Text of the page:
Exploiting Qualitative User Feedback in Deterministic and Probabilistic Databases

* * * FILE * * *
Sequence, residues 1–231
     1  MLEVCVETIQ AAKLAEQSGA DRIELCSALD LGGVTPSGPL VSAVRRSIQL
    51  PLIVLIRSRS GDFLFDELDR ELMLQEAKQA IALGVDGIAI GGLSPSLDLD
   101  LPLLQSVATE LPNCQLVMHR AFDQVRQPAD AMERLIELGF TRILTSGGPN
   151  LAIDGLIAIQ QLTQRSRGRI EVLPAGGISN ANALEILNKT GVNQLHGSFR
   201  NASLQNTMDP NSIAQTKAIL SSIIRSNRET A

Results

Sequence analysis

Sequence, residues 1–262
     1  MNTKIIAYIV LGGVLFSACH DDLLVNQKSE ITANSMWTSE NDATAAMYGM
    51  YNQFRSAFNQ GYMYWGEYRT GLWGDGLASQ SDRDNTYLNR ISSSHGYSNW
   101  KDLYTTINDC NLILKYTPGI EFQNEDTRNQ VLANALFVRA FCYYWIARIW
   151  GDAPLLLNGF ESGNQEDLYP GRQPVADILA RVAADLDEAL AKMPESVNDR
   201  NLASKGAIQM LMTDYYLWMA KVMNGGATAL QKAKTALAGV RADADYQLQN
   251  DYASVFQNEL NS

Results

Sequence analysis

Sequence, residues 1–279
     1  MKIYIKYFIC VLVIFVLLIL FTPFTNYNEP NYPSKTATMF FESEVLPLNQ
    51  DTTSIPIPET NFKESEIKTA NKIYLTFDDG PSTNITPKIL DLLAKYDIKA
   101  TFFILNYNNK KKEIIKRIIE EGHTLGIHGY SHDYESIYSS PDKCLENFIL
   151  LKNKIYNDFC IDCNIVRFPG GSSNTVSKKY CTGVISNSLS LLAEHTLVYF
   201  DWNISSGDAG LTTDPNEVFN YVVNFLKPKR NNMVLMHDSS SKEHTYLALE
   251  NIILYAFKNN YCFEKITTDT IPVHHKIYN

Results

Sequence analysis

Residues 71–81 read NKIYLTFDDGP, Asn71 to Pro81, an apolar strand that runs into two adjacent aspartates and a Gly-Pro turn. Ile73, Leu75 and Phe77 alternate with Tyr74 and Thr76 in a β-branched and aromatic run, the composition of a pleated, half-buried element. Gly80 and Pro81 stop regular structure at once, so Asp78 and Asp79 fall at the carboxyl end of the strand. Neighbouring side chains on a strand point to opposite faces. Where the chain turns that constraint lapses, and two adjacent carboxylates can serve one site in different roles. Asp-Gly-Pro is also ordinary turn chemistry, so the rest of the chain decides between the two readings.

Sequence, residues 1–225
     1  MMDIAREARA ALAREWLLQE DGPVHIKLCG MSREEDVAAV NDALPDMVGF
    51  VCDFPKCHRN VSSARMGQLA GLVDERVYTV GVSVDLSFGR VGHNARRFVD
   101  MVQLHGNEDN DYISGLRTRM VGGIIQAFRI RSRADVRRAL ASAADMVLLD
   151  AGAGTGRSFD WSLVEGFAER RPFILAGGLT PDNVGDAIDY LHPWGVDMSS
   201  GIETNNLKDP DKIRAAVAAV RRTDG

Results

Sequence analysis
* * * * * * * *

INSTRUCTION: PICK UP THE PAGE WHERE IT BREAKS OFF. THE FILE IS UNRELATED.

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This dissertation consists of two parts. In the first part we investigate the use of qualitative user preferences in the context of deterministic databases. In the second part we study the same problem in the context of probabilistic databases. A qualitative preference is a partial order over a set of query-answers. In deterministic databases, they are used to identify the answers that are most interesting to the user. In the first part of this dissertation we adopt the framework of Prioritized Skylines, a popular approach for preference reasoning. Our contribution focuses on query evaluation: we introduce a novel output-sensitive algorithm, whose worst-case computational complexity depends explicitly on the size of the output. This is a very desirable property in the context of preference queries, as the output is expected to be, on average, only a small fraction of the input. Additionally, we show our algorithm exhibits linear complexity in the average-case scenario. The second part of this dissertation is dedicated to probabilistic databases. In this context, qualitative preferences are used to encode a set of logical implications between query-answers: if the user states that a query-answer implies another, then the marginal probability of the latter must be as large as the marginal probability of the former. Such information can be used to speed-up the training process of a probabilistic database. We introduce Beta Probabilistic Databases (B-PDBs), a generalization of tuple-independent probabilistic databases, designed to support Bayesian updates and parameter learning in an efficient, scalable way. The key feature of B-PDBs is that they can be trained using samples of query-answers as evidence; this way, the user is relieved from the need of specifying the model’s parameters explicitly, in a quantitative fashion. Additionally, B-PDBs can leverage qualitative user-feedback to speed-up the learning process.